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I do not know if there is special programming in C# for the web or it is the same?. If it is the same then what are the topics that I should focus on in C# in order to use it building web application by ASP.NET (Web forms or MVC). For example, if I want to build a website for one of the health centers, will I need a lot of knowledge in C#?


  • What are the topics that I should focus on in C# so I have enough confidence to build small - medium websites?
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4 Answers 4

up vote 6 down vote accepted

C# is the language, and is the same for web development as for anything else. You'll need a strong foundation in the language for serious web work, including:

  • Expresions, types, variables, Operators, castiing
  • Control Statements - loops, switch, if
  • Namespaces
  • Methods
  • Exception handling
  • Properties
  • Enums
  • Overloading
  • Collections & arrays
  • Using attributes
  • Classes, objects, interfaces, inheritence, constructors, encapsulation, polymorphism
  • A good understanding of events

You may not need in depth understanding of:

  • Reflection
  • Generics
  • Delegates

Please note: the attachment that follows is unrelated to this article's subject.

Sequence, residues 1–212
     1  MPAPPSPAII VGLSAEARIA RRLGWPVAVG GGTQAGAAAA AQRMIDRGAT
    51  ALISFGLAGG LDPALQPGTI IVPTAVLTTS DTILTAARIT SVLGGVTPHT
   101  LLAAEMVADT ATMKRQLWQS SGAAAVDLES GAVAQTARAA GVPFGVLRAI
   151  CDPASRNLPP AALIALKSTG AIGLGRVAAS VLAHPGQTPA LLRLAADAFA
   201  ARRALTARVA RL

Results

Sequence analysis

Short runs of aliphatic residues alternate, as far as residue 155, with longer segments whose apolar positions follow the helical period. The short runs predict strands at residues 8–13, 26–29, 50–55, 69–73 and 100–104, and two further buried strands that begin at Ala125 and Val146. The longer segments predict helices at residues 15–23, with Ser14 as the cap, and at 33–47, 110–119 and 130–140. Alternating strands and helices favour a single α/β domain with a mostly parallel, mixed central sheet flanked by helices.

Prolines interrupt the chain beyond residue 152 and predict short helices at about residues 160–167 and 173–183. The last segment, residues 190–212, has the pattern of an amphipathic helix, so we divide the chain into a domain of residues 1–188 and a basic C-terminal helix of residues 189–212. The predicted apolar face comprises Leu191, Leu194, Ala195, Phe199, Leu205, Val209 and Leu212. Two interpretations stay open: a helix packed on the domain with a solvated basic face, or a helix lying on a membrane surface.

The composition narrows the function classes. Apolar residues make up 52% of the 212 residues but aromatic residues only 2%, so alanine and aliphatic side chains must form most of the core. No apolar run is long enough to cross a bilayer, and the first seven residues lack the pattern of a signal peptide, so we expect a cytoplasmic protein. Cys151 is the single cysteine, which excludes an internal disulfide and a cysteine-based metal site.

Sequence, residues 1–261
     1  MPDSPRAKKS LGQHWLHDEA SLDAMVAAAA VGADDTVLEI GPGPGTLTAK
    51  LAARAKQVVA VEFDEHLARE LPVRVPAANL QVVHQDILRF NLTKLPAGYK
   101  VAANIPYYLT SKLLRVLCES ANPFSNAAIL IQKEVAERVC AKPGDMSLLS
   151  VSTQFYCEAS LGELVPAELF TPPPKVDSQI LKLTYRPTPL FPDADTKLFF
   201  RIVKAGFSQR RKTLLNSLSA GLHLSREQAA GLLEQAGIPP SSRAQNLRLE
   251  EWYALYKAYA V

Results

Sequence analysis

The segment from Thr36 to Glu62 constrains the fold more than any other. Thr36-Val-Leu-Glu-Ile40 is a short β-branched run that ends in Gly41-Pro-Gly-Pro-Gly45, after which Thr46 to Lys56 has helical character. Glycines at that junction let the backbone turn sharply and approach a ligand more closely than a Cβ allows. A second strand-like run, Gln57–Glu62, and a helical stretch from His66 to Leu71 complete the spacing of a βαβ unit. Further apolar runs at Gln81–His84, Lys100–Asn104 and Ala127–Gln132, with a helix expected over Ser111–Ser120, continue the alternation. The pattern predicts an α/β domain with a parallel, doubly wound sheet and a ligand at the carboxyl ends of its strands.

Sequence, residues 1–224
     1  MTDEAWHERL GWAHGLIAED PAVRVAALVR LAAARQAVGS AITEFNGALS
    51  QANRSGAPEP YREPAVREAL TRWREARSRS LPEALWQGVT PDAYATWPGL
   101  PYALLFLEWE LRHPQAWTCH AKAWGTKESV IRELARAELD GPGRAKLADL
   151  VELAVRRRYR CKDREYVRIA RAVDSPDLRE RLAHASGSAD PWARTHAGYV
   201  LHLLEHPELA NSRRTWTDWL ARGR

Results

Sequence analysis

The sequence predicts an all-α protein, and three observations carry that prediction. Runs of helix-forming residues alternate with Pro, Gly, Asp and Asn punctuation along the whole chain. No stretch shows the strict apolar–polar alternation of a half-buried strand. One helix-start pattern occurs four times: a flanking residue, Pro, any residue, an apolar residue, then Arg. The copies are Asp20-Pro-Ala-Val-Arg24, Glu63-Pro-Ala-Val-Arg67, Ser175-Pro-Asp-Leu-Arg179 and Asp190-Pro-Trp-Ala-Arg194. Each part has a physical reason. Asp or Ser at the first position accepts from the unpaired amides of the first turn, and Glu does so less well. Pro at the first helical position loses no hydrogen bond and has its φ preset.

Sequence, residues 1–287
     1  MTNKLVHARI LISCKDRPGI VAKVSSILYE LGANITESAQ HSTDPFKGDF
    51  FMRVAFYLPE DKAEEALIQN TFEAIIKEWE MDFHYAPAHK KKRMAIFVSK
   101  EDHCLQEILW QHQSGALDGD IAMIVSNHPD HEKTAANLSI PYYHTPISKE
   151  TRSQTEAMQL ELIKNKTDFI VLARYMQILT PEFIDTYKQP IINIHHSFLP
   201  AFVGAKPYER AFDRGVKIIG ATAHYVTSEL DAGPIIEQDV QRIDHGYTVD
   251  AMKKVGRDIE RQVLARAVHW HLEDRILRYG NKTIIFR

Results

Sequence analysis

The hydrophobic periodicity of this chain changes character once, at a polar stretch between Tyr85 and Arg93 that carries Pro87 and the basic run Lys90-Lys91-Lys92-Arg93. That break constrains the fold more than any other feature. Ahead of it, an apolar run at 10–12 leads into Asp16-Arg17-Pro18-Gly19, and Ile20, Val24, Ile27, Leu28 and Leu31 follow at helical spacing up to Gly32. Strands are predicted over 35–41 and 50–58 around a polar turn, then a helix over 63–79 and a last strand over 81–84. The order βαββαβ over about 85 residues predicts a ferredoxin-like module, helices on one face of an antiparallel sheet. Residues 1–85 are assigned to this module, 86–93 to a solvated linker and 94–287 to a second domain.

• Threading
  • Linq
  • Lambda expressions

However, C# itself will be the least of your worries. You'll also need:

  • Foundational HTML and CSS
  • Basic OO principles
  • Know-how about your data store: many people use SQL Server or some other RDBMS (so need SQL, ADO.Net as well as knowing how to set up the server).
  • To know your way around the IDE
  • To be able to set up solutions, projects, references, imports
  • To be able to build, run and deploy your code
  • Some javascript(?)

Then there is the stuff itself (I don't use MVC so can't comment on that area):

  • The event model
  • Session / state management (viewstate, session state)
  • Basic controls
  • Configuring IIS
  • Directives (<%...%>)
  • Configuration
  • How to structure the project
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Do you need ADO.Net or can you alternatively use Linq-to-SQL or Entities Framework for Database ORM? Also, is the 'event model' much different than the standard DOM event model (OnLoad, OnMouseDown, etc...)? –  Evan Plaice Mar 26 '11 at 9:52
@Evan: There are a lot of alternatives on the data storage front, so you're right - you're not tied to ADO.Net. As for the event model, I was thinking of the server-side events that are raised by ASP.Net. These server side events are quite different from the events you mention, which occur in the user's browser. Knowing these events (when and why they fire & what to do about them) is one of the most important things that an ASP.Net programmer can learn. On the flip side, you can get in a real mess if you don't know enough about them: that was my experience anyway. –  Kramii Mar 26 '11 at 22:07
@Kramil Cool, thanks for clearing that up. Now, I only wish I had an ASP.Net project to work on so I could fill in the gaps in my understanding :) –  Evan Plaice Mar 27 '11 at 8:30
need to remember this answer the next time someone says "but it's just a website; easy right!" On a side note don't forget performance (consequences) of various software architecture / design decisions. –  Ken Henderson Aug 30 '11 at 1:11